Cats are known for their ability to groom themselves. They usually keep themselves relatively clean, so they hardly need our intervention. However, sometimes, they keep themselves a little too clean. In these situations, they can lose hair and even develop sores. A cat’s tongue is quite rough and can seriously damage their coat and skin if a cat overgrooms. This can lead to secondary infections, which can be serious.
It isn’t always easy to stop your cat from over-grooming. They’ll likely do it when you aren’t around and may simply relocate if you try to physically prevent them from overgrooming. There are a few methods that you can take to prevent your cat from injuring themselves while grooming, though. We discuss these methods here.
The 11 Ways to Stop Your Cat From Over-Grooming
1. Figure Out Why Your Cat Is Overgrooming
There are several reasons that your cat may be overgrooming. They may be stressed. This can cause them to seek out relaxing behaviors, such as grooming. Too much grooming isn’t a good thing, though, even if it helps your feline calm down.
Food allergies often cause itchiness. This itchiness can lead to overgrooming and biting behaviors, which can affect your cat’s skin and coat. This may look like overgrooming, though your feline is actually itchy.
Some cats may groom themselves if they are bored. This is a bit rarer because cats may prefer getting into trouble if they are bored. However, excessive grooming can result from your cat simply not having anything else to do.
Knowing the reason that your cat is overgrooming is important for stopping it. Sometimes, your cat may need a new dietary change if they are allergic to something in their food. Toys and other stimulating objects may need to be added if your cat is bored. Stress is more difficult to deal with because you can’t always directly affect the reason that your feline is stressed.
2. Make Your Home Less Stressful
In many circumstances, cats will groom themselves when they are stressed. Sometimes, though, they may groom a little too much. Lessening some of the stress in your household can prevent this excess grooming.
Cats can be easily stressed by seemingly normal things. For instance, cats may be vulnerable to seeing strange animals outside the window. As smaller animals, cats are often defensive around dogs and even other cats. They are also territorial, so just seeing a dog near the house outside can be stressful. If your cat often gets upset by animals walking by outside, close the windows so your cat can’t see them. Small changes like this may be all that your feline needs.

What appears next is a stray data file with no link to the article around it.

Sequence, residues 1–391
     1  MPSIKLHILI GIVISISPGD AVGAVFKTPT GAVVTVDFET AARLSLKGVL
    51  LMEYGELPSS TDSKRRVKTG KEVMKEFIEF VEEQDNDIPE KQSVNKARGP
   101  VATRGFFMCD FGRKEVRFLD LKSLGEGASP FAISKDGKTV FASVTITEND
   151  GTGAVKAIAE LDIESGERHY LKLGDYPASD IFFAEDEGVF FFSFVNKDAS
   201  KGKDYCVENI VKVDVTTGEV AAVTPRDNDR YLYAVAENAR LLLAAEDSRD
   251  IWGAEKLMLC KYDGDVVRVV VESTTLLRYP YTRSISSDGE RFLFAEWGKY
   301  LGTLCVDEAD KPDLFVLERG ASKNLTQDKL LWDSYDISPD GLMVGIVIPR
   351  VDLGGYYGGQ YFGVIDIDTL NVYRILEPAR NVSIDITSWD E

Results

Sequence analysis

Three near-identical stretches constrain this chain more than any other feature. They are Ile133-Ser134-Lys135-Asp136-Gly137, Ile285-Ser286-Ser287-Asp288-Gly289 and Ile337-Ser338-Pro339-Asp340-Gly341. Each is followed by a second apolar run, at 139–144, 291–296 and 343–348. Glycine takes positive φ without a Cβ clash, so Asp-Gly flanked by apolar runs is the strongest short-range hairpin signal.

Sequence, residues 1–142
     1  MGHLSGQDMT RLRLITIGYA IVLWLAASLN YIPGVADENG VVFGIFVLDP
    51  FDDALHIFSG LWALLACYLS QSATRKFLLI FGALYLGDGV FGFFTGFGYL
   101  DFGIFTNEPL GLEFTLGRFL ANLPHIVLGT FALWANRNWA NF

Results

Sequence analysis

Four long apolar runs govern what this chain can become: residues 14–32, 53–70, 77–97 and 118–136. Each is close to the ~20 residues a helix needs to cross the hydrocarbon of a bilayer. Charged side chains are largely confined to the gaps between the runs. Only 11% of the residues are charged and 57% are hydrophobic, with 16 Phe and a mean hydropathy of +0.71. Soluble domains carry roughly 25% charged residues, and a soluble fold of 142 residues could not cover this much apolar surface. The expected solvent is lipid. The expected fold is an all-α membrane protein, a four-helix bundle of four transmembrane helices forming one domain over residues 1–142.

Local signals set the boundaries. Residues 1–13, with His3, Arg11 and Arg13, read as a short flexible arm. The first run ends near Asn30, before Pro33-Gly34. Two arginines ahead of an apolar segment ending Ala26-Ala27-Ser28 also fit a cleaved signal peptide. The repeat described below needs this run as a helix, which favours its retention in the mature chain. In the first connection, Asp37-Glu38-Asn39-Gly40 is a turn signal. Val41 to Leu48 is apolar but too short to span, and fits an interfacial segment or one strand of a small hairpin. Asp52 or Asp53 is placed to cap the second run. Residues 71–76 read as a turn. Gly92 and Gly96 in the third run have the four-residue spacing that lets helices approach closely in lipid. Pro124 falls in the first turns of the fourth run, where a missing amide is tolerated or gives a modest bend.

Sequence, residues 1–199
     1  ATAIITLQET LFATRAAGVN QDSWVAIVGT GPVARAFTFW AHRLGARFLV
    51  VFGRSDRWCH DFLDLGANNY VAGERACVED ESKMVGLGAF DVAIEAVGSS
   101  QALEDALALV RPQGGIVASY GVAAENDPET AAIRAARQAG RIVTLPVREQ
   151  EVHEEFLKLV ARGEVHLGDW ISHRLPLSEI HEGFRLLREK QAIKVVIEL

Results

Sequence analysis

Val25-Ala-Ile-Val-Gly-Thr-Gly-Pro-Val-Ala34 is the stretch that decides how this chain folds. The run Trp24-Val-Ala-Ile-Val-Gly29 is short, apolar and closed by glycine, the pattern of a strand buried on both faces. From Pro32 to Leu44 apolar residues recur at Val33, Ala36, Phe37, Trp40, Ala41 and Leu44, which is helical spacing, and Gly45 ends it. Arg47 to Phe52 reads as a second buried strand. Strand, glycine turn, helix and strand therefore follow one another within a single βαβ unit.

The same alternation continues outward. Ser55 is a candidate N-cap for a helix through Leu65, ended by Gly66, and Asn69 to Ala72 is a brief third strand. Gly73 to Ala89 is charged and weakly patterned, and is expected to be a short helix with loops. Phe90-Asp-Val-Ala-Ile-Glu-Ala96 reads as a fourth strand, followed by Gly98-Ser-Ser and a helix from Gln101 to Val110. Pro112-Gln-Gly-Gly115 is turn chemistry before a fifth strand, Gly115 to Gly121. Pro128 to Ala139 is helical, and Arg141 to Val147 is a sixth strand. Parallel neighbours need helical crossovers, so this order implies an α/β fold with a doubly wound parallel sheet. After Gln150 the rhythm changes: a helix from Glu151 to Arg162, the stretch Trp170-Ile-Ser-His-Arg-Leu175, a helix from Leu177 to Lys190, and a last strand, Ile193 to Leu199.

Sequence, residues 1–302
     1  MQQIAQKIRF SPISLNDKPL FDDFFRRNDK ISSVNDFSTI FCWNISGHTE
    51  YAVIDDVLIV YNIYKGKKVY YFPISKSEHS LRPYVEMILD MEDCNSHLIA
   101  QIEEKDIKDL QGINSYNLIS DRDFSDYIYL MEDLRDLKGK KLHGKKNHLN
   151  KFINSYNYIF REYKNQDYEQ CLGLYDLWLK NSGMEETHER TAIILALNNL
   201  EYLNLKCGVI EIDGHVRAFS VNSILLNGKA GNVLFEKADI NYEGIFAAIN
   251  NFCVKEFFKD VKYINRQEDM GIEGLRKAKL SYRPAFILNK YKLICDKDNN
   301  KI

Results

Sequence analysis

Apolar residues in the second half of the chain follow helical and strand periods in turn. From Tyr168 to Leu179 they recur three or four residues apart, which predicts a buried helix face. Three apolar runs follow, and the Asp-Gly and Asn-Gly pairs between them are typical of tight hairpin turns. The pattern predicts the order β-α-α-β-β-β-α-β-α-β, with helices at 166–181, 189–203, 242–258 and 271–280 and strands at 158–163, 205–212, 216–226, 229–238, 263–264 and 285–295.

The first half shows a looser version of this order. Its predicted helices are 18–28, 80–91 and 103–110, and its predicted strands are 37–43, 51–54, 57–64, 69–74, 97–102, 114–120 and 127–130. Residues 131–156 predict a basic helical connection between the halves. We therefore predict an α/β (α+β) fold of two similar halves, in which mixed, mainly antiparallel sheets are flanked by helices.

Some stressful situations can’t be fixed, though. For instance, moving to a new home is extremely stressful for cats, but it can’t always be avoided.
Loud noises may also stress out some felines. Be sure your cat has somewhere quiet that they can escape to if things become too loud for them. Something that they can climb and hide in, like a cat tree, is a perfect option for this. Be sure to place it in a quiet section of the house, preferably where their food and litter box is located.
3. Increase the Number of Resources
If you have multiple cats in your home, they can become stressed by a “lack of resources.” While you may know that there is a full bag of food in the laundry room, cats don’t understand this. If there is only one food bowl split among three cats, they may begin to feel stressed at the potential lack of food. This can cause territorial guarding behavior, where one cat often guards the food bowl. In the end, this just stresses everyone out more.
For multi-cat households, you should have multiple spots where your cat can eat and get water. This prevents them from stressing about resources because they know of several spots that they can go to if one happens to be empty. It also minimizes the impact of any guarding that takes place, as the other cats can simply go to other food bowls.
The food bowls should be placed in different rooms. Putting two food bowls next to each other isn’t that helpful, as cats often won’t eat that close together. If one cat decides to guard the food, they can limit the other’s access to both food bowls at the same time. They should be placed far apart so cats can eat at the same time without interacting with each other.